Gender equality is recognized in a number of international laws and national constitutions and legislations. However, the right to adequate food of women and girls in particular is too often violated or threatened.
Unequal access to power and resources is a major cause of discrimination against women in the state, community, market and their own households. This inequality contributes to the inadequate distribution of food, resulting in malnutrition and maternal health risks. The economic abilities are also affected, further weakening gender equality. It is necessary to address these violations as they are not only relevant for women’s food security but also for children and men.
In relation to land rights, there are several laws and policies that strengthen gender equality in the Philippines. The Magna Charta of Women (R.A. 9710)mandates the Department of Agrarian Reform to issue Emancipation Patents and Certificates of Land Ownership to all qualified beneficiaries, regardless of sex, civil status or physical condition. Moreover, the Department of Environment and Natural Resources is required to guarantee equality in the issuance of co-stewardships of spouses, lease agreements and other fishery rights.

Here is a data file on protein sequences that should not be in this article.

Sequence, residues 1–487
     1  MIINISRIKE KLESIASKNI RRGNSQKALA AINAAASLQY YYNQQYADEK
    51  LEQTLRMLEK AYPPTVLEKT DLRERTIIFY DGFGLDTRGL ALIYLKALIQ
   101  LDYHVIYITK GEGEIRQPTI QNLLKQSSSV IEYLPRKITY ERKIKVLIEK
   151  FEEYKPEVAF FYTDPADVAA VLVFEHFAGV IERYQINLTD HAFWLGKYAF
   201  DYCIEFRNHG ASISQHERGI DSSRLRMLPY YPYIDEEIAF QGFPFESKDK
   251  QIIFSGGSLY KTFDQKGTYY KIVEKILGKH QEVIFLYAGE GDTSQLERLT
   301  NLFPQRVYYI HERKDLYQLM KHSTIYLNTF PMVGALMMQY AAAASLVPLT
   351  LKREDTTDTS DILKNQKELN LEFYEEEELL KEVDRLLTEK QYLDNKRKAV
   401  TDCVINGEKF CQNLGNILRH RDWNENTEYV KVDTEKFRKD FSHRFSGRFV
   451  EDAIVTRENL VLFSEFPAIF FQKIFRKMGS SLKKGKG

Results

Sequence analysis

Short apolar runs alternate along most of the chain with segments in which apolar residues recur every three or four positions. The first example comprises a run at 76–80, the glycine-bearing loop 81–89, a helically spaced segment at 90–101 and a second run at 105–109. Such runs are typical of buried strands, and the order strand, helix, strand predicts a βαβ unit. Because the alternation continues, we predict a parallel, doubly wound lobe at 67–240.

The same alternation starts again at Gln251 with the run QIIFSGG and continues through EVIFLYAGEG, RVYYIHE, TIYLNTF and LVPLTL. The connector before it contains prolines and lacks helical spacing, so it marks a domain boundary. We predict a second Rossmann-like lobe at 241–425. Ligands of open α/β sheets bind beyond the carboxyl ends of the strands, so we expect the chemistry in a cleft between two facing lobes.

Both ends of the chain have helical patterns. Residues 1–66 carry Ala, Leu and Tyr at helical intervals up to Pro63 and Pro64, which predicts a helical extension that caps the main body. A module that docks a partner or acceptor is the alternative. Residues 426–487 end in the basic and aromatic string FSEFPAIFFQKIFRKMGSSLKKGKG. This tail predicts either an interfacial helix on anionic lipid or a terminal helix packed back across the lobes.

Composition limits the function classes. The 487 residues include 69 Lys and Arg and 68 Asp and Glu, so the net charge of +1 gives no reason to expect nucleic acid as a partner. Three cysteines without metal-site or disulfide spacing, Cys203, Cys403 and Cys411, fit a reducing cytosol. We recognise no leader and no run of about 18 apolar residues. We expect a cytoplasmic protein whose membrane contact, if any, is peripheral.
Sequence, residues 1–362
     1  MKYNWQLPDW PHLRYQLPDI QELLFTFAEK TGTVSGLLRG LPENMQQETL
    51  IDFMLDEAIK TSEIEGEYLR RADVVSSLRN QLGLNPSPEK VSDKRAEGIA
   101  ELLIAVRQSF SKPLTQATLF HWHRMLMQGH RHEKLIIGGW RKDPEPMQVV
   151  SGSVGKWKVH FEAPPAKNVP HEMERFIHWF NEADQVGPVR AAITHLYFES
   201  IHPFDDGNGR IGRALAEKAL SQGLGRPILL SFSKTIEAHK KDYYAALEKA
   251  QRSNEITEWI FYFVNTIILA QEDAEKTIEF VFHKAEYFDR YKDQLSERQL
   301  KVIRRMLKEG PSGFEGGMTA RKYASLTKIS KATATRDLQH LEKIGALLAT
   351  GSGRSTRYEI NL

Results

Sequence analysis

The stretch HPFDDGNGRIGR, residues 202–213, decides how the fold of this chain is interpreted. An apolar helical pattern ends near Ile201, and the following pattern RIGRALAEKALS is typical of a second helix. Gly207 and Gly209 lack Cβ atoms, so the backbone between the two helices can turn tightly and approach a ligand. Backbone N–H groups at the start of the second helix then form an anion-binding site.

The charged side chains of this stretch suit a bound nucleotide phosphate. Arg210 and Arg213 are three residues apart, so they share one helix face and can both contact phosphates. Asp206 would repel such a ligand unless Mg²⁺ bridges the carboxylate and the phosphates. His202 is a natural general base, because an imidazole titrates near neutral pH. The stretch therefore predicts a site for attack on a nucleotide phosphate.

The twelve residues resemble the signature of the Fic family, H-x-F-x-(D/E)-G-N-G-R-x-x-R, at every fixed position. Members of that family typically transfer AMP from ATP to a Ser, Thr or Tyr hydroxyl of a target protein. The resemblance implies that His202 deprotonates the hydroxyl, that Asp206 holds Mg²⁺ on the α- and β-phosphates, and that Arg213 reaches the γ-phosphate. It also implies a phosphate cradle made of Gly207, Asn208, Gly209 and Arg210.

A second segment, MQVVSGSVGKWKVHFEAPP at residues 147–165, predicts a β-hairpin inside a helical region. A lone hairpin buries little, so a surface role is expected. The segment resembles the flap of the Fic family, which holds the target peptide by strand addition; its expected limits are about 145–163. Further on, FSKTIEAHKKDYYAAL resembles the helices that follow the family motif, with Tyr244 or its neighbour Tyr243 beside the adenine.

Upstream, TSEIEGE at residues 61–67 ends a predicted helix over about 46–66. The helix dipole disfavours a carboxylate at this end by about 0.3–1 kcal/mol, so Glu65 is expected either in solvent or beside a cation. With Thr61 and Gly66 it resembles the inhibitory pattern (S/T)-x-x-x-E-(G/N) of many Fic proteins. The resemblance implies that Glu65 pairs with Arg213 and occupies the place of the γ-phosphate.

The International Covenant on Economic, Social and Cultural Rights recognizes the right to adequate food and the fundamental right to be free from hunger (art. 11), which are to be exercised without discrimination of any kind as to race, colour, sex, language, religion, political or other opinion, national or social origin, property, birth or other status”. Furthermore, States will ensure “[…] the equal right of men and women to enjoy all economic, social and cultural rights […]”.
FIAN Philippines put a specific focus on achieving food security among women and girls in its advocacy and documentation work. FIAN also provides awareness raising, trainings and workshops for women and children in relation to the Violence Against Women and Children (VAWC) Act.